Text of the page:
After I took a test in my health class to-day about nutrition and calories and proper diet, I treated myself to possibly the greasiest lunch I've had in twenty years at Napoleone's Pizza.
The picture above is from when I went there a few months ago on a day when the place was closed--I didn't take any pictures to-day. I felt too many surly eyes on me from the patrons who were more appropriate for the very place where a teenage Tom Waits pushed a broom in the 60s than I'd expected. When my sister told me the place was listed among trendy spots in a magazine, because Waits had worked there, I expected it to be filled with college aged hipsters. Maybe it was because I was there before noon but the only people I saw were a glum, attractive young couple (man and woman) in military fatigues in a booth, three quiet over-50 cops, and a couple of old men whose discussion about the music industry soon distracted me from reading the Nibelungenlied in my booth.
"My daughter told me this Lady Gaga," said one. "She isn't just one of them pop stars. She writes her own songs. She's not like one of them pop stars like they have every year. You know."
The other one started talking about a "producer who always put himself in the artist's shoes. They all loved him. If David Bowie wanted three hundred doves to fly out of the stage he made it happen. Didn't ask questions. And he'd get artists bookings they'd never have had before. Lady Gaga, he got her playing in Barcelona and Rio De . . . Rio Deja Nero."
Napoleone's eating area is divided by a wall. On my right hand as I walked in all I saw was a deserted room with long tables with empty white table clothes. On the left was the sparsely crowded room with tables and cheap red upholstered booths. Most of the light was coming in from the windows and I could barely make out a couple cooks standing behind a kitchen bar in the back. "You dining in?" a short, middle aged red headed waitress asked me but I was seated by a slightly heavy blonde middle aged waitress with too much makeup. No-one working there looked under 50.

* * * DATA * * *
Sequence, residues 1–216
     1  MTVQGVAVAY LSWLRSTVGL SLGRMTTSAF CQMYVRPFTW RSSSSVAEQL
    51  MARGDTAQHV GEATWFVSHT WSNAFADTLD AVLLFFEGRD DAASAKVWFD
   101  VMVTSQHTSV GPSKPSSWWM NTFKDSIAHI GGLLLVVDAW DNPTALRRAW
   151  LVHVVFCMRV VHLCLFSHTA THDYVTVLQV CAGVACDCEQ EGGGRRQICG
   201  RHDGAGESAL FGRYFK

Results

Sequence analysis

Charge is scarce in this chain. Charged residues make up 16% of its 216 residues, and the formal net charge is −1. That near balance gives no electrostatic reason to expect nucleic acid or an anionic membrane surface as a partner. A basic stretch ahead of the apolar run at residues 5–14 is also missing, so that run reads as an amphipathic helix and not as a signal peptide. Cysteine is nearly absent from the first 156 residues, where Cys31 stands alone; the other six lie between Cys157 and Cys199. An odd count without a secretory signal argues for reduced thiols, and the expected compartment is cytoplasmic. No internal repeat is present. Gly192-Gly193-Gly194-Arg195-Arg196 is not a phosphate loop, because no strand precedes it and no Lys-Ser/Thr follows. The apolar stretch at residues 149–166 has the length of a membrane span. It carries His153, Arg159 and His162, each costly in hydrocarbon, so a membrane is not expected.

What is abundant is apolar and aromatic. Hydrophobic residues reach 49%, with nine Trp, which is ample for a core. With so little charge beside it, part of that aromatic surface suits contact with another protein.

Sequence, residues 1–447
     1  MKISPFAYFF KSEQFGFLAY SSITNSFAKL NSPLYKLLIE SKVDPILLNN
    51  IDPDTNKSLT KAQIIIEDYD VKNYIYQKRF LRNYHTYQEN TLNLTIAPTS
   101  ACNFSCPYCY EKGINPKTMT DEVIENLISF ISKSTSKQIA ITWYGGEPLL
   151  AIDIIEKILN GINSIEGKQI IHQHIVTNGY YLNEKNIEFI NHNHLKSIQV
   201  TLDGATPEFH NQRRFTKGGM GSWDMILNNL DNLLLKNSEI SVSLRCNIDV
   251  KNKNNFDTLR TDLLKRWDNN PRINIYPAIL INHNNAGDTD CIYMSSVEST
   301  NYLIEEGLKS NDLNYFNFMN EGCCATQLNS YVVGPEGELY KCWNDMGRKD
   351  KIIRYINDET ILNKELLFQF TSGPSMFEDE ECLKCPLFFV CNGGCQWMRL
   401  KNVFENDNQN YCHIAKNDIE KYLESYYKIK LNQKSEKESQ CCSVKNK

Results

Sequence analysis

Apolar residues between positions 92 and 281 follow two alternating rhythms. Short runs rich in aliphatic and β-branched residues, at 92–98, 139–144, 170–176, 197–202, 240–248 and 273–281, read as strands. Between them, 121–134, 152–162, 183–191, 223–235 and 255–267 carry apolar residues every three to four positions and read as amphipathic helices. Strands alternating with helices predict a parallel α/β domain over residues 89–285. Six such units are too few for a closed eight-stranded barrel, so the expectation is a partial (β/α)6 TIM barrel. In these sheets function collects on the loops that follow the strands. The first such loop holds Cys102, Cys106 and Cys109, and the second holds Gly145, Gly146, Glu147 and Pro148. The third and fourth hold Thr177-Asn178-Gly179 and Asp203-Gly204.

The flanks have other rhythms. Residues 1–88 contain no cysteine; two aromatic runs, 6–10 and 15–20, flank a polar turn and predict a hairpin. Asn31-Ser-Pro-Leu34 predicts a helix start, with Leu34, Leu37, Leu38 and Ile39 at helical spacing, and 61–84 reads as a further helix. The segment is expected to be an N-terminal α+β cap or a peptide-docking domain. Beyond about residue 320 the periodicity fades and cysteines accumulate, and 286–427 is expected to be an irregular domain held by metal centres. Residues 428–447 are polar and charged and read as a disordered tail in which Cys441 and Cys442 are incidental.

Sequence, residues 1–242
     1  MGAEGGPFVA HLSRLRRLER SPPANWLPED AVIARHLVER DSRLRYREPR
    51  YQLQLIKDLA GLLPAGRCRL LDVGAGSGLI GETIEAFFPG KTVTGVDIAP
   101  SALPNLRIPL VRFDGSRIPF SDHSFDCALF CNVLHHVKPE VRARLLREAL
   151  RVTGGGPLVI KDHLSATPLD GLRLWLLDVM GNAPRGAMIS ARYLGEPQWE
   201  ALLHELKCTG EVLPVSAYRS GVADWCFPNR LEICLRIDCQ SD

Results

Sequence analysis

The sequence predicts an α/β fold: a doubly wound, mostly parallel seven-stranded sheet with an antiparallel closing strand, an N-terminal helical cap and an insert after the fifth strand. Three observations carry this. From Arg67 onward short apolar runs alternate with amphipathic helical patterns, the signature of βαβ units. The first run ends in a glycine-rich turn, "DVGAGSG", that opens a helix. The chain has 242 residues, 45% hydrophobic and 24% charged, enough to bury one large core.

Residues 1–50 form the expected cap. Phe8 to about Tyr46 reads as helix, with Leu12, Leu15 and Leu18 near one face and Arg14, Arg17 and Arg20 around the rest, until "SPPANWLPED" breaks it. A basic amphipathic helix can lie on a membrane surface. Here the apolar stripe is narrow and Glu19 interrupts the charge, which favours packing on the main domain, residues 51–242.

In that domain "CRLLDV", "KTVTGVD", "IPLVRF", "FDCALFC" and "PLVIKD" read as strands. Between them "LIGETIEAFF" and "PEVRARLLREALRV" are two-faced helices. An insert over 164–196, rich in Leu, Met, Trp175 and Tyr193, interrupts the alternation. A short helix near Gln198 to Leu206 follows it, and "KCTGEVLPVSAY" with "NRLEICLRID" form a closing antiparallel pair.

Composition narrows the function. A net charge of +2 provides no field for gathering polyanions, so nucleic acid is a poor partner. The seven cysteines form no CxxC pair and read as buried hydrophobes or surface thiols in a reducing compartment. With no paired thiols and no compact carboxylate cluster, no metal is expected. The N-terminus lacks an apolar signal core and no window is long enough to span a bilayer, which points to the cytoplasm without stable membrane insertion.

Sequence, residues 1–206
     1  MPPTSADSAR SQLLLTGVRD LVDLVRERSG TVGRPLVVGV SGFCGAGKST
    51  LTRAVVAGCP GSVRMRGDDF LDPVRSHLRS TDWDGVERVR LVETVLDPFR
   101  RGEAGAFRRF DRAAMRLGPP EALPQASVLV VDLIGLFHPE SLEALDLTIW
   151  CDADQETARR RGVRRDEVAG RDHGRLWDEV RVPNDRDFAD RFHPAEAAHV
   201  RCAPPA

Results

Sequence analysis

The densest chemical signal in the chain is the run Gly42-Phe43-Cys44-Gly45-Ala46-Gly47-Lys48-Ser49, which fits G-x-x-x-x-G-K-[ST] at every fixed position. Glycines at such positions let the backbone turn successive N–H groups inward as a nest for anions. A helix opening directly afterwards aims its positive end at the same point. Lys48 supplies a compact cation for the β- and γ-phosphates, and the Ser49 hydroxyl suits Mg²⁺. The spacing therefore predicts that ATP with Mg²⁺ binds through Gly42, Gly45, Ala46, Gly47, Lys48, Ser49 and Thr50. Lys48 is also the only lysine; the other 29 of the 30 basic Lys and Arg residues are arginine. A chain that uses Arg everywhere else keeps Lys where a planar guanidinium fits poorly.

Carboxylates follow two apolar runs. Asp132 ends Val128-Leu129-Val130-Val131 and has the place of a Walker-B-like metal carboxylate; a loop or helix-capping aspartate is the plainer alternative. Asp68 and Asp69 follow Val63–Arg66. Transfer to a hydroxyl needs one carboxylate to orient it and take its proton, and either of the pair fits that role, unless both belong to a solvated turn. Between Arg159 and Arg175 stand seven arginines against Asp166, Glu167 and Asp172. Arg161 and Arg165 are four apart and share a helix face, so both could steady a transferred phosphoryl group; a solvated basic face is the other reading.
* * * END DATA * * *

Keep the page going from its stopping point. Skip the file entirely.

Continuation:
The menu was a folded piece of brown paper that said the place was opened in 1958. I ordered a ten inch vegetarian pizza and waited about ten minutes for it. "Pizza time," said the waitress when she brought it out. It was good--I generally like a thicker crust but while this was thin it was still fluffier than the cracker crusts that seem to be popular nowadays. It was light on the green bell peppers and had a lot of black olives which is just how I like it.
Twitter Sonnet #607
The dog-eared furnace gulps a hard scraped fist.
White broken wrists twine across five leg bets.
Gold bullets stain a burnt and ancient list.
False collars hook arms as appetite whets.
Thumb jigsaw carpet patterns touch the sole.
Brain wrinkles clutch minds in an arabesque.
Straw feeding the broth brooks no gentry goal.
Red acid drizzles on the doughnut-esque.
A beaded net adorns the blinded catch.
Blue keystones lock prohibitive arches.
The recycled foil holds a weak Fetch.
Clean announcers cavort in the larches.
Time arrives in chiaroscuro sauce.
The folding desk slips closed on a floor gloss.